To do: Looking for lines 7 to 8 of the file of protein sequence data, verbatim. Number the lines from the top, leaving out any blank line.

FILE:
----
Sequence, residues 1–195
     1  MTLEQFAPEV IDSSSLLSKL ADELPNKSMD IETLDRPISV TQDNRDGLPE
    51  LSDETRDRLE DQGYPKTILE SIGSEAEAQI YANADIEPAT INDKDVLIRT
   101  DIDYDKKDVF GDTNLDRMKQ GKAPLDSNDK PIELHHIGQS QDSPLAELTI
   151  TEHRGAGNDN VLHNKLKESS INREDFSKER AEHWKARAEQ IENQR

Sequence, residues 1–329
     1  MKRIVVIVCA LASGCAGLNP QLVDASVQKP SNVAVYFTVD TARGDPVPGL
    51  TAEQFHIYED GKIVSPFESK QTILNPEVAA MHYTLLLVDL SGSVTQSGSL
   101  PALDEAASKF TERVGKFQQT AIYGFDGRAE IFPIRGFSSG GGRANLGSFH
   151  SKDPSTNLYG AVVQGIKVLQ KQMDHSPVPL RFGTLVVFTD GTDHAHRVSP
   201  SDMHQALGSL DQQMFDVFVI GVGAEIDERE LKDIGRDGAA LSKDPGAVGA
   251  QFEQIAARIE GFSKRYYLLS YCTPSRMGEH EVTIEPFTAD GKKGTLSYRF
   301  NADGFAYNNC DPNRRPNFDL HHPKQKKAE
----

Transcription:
     1  MKRIVVIVCA LASGCAGLNP QLVDASVQKP SNVAVYFTVD TARGDPVPGL
    51  TAEQFHIYED GKIVSPFESK QTILNPEVAA MHYTLLLVDL SGSVTQSGSL